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Catch up on coronavirus stories and special reports, curated by Mike Allen everyday

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Michael Caputo. Photo: Mark Wilson/Getty Images

In September, Health and Human Services spokesperson Michael Caputo privately pitched one branch of the agency's $250 million coronavirus ad campaign with the theme: "Helping the President will Help the Country," according to documents released by House Democrats on the Oversight Committee on Thursday.

Why it matters: These are the latest documents that suggest the deep politicization of the Trump administration's coronavirus response.

  • Context: Caputo, a former member of the Trump campaign with no scientific background, reportedly accused career government scientists of "sedition" in September and said the Centers for Disease Control and Prevention has a “resistance unit” that's trying to undermine Trump, per the New York Times.
  • Politico and trade publication PRWeek first detailed the agency's $250 million contract with a communications firm to "defeat despair and inspire hope" about the coronavirus pandemic.

Details: In a Sept. 15 meeting with subcontractor Burson Cohn & Wolfe and Atlas Research, which received a separate $15 million contract with HHS, Caputo pushed to title the agency's coronavirus ad campaign "Helping the President will Help the Country."

  • Caputo "attempted to insert himself into the process for reviewing public service announcements (PSAs)," the committee says — which "eventually provoked FDA career staff to warn contractors against compliance with his unauthorized and unethical interference."
  • Fors Marsh, the strategic communications firm that received the initial $250 million contract, laid out four "crisis scenarios" when planning for the campaign ad — including "accusations of using a pubic health campaign to promote a political message, instead of a scientific one."

Of note: One document obtained by the Oversight Committee indicated the Trump administration asked contractors to vet at least 274 celebrities for the ad campaign and rejected those who had publicly criticized the president or supported gay rights.

The other side: "While testifying before the House Select Subcommittee on the Coronavirus Crisis, Secretary Azar announced that he had 'ordered a strategic review of this public health education campaign that will be led by top public health and communications experts to determine whether the campaign serves important public health purposes,'" an HHS spokesperson said.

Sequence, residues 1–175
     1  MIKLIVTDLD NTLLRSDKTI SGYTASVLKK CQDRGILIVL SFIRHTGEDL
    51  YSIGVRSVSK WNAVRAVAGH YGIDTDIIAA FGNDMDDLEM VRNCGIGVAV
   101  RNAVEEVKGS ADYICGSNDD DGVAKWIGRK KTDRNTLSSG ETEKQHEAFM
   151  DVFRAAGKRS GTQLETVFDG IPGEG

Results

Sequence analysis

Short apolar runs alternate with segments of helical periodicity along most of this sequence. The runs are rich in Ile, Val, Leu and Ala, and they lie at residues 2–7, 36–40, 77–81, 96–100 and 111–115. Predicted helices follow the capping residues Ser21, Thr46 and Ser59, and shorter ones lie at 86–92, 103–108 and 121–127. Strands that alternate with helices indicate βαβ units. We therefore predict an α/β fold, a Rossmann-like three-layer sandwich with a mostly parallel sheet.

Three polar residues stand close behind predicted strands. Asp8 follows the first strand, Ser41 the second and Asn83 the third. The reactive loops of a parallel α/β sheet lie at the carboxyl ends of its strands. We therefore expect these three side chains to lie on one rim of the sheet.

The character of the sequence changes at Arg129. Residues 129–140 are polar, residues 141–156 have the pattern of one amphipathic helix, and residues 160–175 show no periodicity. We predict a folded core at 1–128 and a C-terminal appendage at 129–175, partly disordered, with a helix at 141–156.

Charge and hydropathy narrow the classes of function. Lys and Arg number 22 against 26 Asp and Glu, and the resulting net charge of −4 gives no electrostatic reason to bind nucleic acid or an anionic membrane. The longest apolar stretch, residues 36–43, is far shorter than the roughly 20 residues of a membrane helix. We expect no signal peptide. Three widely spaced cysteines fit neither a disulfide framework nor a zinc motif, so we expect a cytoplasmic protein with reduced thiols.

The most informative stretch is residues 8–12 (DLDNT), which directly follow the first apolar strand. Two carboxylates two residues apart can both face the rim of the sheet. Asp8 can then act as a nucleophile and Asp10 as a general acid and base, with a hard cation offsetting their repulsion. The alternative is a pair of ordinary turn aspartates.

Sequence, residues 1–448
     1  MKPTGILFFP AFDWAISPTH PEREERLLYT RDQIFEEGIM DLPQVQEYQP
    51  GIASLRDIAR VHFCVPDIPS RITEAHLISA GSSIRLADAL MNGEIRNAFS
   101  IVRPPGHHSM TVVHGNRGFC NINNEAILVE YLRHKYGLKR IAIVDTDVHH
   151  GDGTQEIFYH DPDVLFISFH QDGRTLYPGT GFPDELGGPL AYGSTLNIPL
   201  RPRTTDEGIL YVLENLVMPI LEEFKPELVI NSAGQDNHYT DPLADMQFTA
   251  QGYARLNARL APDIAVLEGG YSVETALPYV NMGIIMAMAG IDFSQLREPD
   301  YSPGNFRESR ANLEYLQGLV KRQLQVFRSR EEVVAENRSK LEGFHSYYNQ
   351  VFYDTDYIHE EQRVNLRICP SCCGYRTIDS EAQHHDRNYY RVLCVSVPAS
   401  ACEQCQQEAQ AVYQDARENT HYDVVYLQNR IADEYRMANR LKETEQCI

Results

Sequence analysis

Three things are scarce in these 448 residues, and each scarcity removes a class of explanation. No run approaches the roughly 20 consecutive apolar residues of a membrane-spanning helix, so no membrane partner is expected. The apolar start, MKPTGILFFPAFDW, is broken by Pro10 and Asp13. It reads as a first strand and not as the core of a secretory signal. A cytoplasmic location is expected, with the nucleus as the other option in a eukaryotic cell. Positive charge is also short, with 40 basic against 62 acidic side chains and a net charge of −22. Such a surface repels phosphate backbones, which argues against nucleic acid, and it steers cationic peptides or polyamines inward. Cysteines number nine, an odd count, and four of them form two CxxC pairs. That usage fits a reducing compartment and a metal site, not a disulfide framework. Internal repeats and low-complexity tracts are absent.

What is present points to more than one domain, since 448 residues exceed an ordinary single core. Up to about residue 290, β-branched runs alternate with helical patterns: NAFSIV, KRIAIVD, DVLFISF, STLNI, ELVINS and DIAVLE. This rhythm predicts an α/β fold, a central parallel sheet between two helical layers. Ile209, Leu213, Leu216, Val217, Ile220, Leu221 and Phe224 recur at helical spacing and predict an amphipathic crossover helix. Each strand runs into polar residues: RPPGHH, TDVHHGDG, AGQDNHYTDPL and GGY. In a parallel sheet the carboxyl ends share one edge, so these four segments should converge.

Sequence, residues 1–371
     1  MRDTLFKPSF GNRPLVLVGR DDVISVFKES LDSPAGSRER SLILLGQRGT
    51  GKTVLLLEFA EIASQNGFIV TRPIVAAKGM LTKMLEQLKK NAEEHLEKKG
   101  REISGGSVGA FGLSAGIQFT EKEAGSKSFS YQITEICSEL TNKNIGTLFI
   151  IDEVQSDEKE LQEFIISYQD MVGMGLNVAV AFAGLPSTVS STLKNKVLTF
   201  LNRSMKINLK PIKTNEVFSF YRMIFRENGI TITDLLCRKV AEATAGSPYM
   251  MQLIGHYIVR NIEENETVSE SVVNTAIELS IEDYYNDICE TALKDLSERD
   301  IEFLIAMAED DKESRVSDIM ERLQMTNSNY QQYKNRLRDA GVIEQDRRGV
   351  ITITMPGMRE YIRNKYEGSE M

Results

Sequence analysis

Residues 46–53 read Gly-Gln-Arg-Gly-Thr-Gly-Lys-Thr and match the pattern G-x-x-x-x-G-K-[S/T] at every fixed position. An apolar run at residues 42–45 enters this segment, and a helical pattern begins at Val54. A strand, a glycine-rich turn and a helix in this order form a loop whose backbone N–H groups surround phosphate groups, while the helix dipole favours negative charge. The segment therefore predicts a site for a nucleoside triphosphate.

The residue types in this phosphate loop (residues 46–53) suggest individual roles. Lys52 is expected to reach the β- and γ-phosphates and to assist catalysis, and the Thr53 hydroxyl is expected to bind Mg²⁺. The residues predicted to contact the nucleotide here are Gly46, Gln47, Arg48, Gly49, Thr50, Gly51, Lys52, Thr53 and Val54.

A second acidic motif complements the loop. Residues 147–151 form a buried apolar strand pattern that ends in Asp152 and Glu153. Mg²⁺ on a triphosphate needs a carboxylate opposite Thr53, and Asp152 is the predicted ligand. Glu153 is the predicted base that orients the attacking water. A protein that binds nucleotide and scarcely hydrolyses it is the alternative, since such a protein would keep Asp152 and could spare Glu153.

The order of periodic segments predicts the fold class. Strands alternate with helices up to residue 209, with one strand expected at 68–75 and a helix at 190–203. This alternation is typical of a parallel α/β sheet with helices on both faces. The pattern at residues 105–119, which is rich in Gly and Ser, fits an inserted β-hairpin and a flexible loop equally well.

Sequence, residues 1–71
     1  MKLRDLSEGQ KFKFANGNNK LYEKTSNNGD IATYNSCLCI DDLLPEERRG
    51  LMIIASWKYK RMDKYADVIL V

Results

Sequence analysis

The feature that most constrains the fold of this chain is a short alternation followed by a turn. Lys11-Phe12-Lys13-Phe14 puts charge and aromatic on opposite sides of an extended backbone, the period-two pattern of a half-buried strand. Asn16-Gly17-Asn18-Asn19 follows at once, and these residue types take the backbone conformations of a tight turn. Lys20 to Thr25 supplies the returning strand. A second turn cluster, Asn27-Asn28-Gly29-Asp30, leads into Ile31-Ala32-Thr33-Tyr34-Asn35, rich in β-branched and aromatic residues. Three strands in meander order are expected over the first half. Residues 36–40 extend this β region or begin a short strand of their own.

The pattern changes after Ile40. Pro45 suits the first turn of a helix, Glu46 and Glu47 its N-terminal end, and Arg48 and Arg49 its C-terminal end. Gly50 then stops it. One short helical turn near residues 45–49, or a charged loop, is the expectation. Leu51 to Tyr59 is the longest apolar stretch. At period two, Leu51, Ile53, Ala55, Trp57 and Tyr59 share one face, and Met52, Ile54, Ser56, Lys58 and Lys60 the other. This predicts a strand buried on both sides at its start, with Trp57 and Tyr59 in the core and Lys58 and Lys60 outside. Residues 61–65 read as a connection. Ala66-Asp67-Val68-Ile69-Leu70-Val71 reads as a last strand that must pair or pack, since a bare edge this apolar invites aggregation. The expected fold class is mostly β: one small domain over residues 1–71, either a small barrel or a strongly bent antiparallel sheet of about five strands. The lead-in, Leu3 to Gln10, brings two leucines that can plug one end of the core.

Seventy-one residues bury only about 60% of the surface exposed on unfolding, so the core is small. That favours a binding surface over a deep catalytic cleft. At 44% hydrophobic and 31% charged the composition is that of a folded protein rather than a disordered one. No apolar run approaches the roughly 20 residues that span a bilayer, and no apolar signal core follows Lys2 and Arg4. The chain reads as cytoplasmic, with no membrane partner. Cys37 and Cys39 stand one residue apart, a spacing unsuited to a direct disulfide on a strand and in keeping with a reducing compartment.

Read the Oversight Committee’s letter to HHS.

Go deeper

Jan 30, 2021 - World

Science helps New Zealand avoid another coronavirus lockdown

New Zealand Prime Minister Jacinda Ardern (L) visits a lab at Auckland University in December. Photo: Phil Walter/Getty Images

New Zealand has avoided locking down for a second time over COVID-19 community cases because of a swift, science-led response.

Why it matters: The Health Ministry said in an email to Axios Friday there's "no evidence of community transmission" despite three people testing positive after leaving managed hotel isolation. That means Kiwis can continue to visit bars, restaurants and events as much of the world remains on lockdown.

Jan 30, 2021 - World

Germany to impose travel restrictions to curb spread of coronavirus variants

Border police officers check passports and COVID-19 tests at Frankfurt Airport. Photo: Thomas Lohnes via Getty Images

Germany announced Friday that it was imposing new travel restrictions in an effort to curb the spread of more contagious coronavirus variants.

Details: All non-German residents traveling from countries deemed "areas of variant concern," including the United Kingdom, South Africa, Portugal, Ireland, Brazil, Lesotho and Eswatini, will be banned from entering the country, even if they test negative for the coronavirus.

Jan 29, 2021 - Health

WHO says most pregnant women can now receive coronavirus vaccine

A doctor administering Moderna's coronavirus vaccine at a university hospital in Essen, Germany, on Jan. 18. Photo: Lukas Schulze/Getty Images

The World Health Organization has altered its guidance for pregnant women who wish to receive the coronavirus vaccine, saying now that those at high risk of exposure to the COVID-19 or who have comorbidities that increase their risk of severe disease, may be vaccinated.

Why it matters: The WHO drew backlash for its previous guidance that did not recommend pregnant women be inoculated with vaccines made by Pfizer-BioNTech or Moderna, even though data indicated that pregnancy increased the risk of developing severe illness from the virus.

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